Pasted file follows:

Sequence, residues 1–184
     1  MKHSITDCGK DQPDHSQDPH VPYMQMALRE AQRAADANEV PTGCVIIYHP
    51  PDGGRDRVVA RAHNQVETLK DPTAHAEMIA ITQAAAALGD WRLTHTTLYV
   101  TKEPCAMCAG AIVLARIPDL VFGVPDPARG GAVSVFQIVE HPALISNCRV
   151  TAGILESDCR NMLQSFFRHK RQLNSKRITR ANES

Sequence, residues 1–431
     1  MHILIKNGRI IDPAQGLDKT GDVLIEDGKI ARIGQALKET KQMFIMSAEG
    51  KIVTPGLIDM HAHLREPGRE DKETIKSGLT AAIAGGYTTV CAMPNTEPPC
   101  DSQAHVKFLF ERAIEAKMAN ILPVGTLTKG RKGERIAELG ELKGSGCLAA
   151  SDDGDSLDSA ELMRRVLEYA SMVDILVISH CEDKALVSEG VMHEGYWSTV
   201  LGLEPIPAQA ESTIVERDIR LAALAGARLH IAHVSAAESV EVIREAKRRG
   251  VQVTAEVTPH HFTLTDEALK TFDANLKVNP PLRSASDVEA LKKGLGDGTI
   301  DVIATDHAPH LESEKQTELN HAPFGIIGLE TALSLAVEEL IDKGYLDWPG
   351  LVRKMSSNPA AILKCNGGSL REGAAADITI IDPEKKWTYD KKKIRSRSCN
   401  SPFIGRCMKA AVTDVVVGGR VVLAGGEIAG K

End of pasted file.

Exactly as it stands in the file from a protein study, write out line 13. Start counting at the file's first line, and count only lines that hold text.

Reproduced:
   301  DVIATDHAPH LESEKQTELN HAPFGIIGLE TALSLAVEEL IDKGYLDWPG